The picture on my wall shows an assortment of cords and chains of varying thickness and length, suspended at overlapping intervals from overhead beams. It’s a copy of an old grainy print and it looks like a mess of cobwebs hanging from Miss Haversham’s ceiling. But turn the picture upside down and you have the signature catenary arches of classic Gaudi. For him it was an experiential design tool: for me it is a source of courage to turn my stories on their heads if they are not working – reverse the ending; switch to another point of view; begin in the middle.
The purpose of my other two favourite toys is more prosaic. The little basket is woven with consummate skill into a sphere, including the tight-fitting lid. Inside, I place slips of paper on which I have noted issues that persistently interrupt my creative thinking – the phone call I must make later, items for the shopping list, the extortionate plumber’s bill. I press down the lid and there they stay until my writing session is finished: they won’t be forgotten but they’re out of my head and out of sight.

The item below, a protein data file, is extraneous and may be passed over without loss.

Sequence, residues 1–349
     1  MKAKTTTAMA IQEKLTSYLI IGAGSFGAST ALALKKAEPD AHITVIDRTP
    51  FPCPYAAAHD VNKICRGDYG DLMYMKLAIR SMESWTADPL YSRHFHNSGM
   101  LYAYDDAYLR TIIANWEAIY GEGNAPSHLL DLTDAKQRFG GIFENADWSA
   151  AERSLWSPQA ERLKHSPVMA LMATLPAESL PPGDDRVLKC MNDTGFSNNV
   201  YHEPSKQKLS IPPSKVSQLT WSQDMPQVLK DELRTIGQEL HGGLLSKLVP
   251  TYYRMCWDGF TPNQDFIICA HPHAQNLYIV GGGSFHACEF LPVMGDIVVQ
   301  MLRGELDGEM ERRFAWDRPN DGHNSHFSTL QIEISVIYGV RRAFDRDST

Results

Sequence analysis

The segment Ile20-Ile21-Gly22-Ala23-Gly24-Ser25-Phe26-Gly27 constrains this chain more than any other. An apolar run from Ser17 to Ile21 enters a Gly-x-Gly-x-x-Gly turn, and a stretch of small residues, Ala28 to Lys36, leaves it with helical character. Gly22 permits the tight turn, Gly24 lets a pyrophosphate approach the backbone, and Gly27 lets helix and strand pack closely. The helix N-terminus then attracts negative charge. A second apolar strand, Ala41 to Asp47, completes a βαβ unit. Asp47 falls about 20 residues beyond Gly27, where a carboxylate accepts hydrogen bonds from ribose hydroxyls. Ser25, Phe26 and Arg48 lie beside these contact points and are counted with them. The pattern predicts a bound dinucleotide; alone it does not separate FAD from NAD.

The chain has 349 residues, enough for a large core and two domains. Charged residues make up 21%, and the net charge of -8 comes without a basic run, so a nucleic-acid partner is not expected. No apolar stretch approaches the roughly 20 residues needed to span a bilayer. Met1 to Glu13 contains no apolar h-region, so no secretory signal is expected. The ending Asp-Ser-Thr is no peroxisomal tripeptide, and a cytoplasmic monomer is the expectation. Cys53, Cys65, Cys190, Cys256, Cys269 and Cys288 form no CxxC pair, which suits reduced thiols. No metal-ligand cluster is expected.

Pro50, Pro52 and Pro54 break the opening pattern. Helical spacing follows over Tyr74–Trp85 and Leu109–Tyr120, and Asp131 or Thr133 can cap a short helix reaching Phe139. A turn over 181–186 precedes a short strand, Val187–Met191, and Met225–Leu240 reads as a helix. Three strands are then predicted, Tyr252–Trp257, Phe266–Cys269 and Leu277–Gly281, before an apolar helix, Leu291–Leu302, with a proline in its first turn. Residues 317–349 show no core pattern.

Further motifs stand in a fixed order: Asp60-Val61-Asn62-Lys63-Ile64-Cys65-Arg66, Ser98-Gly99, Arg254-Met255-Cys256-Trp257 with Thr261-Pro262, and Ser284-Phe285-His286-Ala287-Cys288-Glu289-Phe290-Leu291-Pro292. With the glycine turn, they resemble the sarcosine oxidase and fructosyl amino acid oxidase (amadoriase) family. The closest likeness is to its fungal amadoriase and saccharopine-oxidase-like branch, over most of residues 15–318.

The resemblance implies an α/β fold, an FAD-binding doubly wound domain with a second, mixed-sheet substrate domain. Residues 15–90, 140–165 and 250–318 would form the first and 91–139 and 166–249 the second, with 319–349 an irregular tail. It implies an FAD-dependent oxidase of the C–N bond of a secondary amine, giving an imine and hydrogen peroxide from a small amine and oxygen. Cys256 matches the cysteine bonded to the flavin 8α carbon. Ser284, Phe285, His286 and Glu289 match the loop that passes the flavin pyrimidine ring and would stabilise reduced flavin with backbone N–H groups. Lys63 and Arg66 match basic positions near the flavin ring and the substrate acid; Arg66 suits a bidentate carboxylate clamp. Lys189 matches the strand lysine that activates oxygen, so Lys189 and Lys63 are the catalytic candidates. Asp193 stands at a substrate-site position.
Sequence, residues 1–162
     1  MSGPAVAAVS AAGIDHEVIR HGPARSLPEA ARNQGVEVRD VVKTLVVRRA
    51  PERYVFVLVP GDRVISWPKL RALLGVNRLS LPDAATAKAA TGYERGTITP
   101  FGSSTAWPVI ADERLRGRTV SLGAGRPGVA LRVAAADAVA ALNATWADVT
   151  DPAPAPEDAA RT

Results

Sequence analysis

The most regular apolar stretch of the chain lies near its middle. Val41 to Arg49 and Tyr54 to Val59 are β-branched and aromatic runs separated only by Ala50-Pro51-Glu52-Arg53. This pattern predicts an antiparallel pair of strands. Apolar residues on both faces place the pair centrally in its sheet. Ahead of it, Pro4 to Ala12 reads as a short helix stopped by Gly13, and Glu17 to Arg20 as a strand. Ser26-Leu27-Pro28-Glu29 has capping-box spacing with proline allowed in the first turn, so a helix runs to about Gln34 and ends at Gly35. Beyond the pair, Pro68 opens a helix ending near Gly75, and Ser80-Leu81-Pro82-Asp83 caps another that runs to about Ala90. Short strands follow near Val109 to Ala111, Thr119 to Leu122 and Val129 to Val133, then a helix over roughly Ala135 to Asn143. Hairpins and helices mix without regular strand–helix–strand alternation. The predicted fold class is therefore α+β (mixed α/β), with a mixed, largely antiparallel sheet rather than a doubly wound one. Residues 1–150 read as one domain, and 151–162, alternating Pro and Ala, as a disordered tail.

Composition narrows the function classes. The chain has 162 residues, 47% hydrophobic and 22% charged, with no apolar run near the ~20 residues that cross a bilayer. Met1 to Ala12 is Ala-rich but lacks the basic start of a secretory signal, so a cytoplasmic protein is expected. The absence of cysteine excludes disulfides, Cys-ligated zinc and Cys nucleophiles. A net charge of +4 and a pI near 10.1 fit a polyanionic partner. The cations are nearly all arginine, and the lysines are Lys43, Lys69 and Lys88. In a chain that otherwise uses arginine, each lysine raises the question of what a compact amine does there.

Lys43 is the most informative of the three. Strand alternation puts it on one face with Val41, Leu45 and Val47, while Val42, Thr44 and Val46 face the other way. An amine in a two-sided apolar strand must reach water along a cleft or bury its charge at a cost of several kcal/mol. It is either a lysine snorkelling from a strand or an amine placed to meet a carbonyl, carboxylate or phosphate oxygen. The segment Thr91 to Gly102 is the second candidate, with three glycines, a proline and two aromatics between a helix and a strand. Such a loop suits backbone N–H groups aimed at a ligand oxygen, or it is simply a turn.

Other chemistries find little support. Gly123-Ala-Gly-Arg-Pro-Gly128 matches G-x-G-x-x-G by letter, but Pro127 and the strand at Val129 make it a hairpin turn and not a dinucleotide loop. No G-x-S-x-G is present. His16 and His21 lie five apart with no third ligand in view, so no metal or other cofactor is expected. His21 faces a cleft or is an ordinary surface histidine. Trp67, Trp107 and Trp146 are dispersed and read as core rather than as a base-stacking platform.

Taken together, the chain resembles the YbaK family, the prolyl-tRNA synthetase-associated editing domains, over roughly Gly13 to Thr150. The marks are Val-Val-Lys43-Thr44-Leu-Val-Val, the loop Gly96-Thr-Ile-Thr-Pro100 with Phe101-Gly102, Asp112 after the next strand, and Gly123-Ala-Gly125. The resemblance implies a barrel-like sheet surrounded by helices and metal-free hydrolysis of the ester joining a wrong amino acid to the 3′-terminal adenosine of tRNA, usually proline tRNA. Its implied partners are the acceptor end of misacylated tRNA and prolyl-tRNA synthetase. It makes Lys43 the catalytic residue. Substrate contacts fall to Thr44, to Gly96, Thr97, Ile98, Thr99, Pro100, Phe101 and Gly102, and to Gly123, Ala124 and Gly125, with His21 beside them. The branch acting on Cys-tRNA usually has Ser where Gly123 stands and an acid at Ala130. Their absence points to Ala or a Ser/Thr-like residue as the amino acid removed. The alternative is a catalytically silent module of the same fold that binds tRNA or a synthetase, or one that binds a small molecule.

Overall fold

I find inspiration in Beethoven’s music and often play it while writing, if only to feel his passion. The portrait I have on my desk is a reproduction of J.K. Stieler’s 1819 original ‘Beethoven holding the manuscript of the Missa solemnis’. What does this do for me? His eyes look up from heavy brows into some vision beyond the viewer; his mouth is set in concentration. He is completely absorbed. I gaze at him and there is not a semi-quaver of sympathy. The message is unequivocal: get on with it!
About the Author
Trish Nicholson lives in the Far North of New Zealand. After graduating in social anthropology she followed careers in management training and overseas development. She now divides her time between writing, photography, raising native trees and running her relaxation therapy practice. Trish has had previous non-fiction books and articles published and in 2010 began to write fiction for the first time. She prefers short stories and loves to enter competitions. She has won several international short story and flash fiction competitions and has had four stories accepted for anthology publication. Trish is currently working on a non-fiction e-book about the Philippines, due for release at the end of 2011. She is a member of the New Zealand Society of Authors.